A comparison of the effects of diazepam versus several typical and atypical anti-depressant drugs in an animal model of anxiety

Psychopharmacology (Berl). 1989;97(2):277-9. doi: 10.1007/BF00442264.


We examined the anxiolytic effects of a variety of anti-depressant drugs, administered either acutely or chronically, in an animal model of anxiety involving novelty-suppressed feeding in food-deprived rats. Following a single injection of desipramine (10 mg/kg) amitriptyline (10 mg/kg), mianserin (10 mg/kg), fluoxetine (10 mg/kg), buspirone (4 mg/kg), gepirone (4 mg/kg) or nomifensine (10 mg/kg), there was no decrease in the latency to begin eating in the novel environment such as occurred with diazepam (2 mg/kg). In fact, an increased latency was observed for desipramine, amitriptyline, fluoxetine, and nomifensine. In contrast, chronic (21 days) treatment with each of the above-mentioned drugs, except nomifensine, significantly reduced the latency to begin eating relative to vehicle controls. These findings suggest that a variety of tricyclic and novel anti-depressant drugs acquire anxiolytic properties following chronic administration.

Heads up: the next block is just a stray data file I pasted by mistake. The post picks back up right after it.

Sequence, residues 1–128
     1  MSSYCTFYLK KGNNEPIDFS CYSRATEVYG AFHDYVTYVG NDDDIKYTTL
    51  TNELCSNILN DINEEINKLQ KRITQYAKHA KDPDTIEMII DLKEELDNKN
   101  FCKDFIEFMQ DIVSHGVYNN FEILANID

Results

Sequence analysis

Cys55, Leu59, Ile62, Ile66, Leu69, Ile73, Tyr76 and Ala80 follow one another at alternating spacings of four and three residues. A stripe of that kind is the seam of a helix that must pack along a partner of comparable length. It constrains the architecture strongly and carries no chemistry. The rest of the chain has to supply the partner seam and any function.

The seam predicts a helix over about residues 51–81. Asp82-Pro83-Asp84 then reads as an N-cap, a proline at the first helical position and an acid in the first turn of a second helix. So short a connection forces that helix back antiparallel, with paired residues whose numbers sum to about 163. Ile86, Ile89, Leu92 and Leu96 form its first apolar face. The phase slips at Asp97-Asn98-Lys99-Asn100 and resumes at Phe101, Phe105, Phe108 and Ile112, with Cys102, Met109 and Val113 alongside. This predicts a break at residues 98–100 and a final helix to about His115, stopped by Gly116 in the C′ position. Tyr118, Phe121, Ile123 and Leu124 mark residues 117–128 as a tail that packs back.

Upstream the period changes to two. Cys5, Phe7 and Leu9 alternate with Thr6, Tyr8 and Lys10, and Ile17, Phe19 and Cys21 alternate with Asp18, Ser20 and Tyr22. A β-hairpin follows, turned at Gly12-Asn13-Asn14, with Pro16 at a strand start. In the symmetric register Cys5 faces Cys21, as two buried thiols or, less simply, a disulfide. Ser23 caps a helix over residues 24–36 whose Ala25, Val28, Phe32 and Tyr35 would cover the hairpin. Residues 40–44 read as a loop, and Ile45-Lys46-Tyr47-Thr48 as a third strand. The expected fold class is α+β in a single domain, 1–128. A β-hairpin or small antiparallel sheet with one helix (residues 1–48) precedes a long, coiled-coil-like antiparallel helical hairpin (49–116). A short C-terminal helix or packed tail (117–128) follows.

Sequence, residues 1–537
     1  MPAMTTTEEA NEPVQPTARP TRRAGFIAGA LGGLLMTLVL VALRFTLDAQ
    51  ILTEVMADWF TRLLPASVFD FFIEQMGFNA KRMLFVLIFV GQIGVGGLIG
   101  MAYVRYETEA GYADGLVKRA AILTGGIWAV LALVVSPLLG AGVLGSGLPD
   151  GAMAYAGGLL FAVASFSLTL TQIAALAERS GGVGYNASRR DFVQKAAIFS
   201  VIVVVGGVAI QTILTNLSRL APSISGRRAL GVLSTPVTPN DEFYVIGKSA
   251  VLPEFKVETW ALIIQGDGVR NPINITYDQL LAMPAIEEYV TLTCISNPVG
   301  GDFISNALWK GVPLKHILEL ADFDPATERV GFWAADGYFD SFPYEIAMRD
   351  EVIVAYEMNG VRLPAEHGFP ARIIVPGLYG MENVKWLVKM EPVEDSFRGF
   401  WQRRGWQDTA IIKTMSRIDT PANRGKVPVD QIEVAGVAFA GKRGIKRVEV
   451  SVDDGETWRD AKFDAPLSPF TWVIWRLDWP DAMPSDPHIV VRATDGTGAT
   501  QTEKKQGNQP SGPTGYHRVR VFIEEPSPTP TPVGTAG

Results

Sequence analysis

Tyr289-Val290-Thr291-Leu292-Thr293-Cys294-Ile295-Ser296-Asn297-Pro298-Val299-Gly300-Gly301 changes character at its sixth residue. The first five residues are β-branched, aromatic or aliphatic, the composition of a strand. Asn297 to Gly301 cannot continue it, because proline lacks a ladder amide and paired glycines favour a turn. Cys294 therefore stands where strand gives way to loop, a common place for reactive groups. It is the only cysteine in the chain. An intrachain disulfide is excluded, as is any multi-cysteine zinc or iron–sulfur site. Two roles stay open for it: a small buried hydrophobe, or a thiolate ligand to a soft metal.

Publication types

  • Comparative Study
  • Research Support, Non-U.S. Gov't

MeSH terms

  • Animals
  • Anti-Anxiety Agents*
  • Antidepressive Agents / pharmacology*
  • Diazepam / pharmacology*
  • Environment
  • Feeding Behavior / drug effects
  • Male
  • Rats


  • Anti-Anxiety Agents
  • Antidepressive Agents
  • Diazepam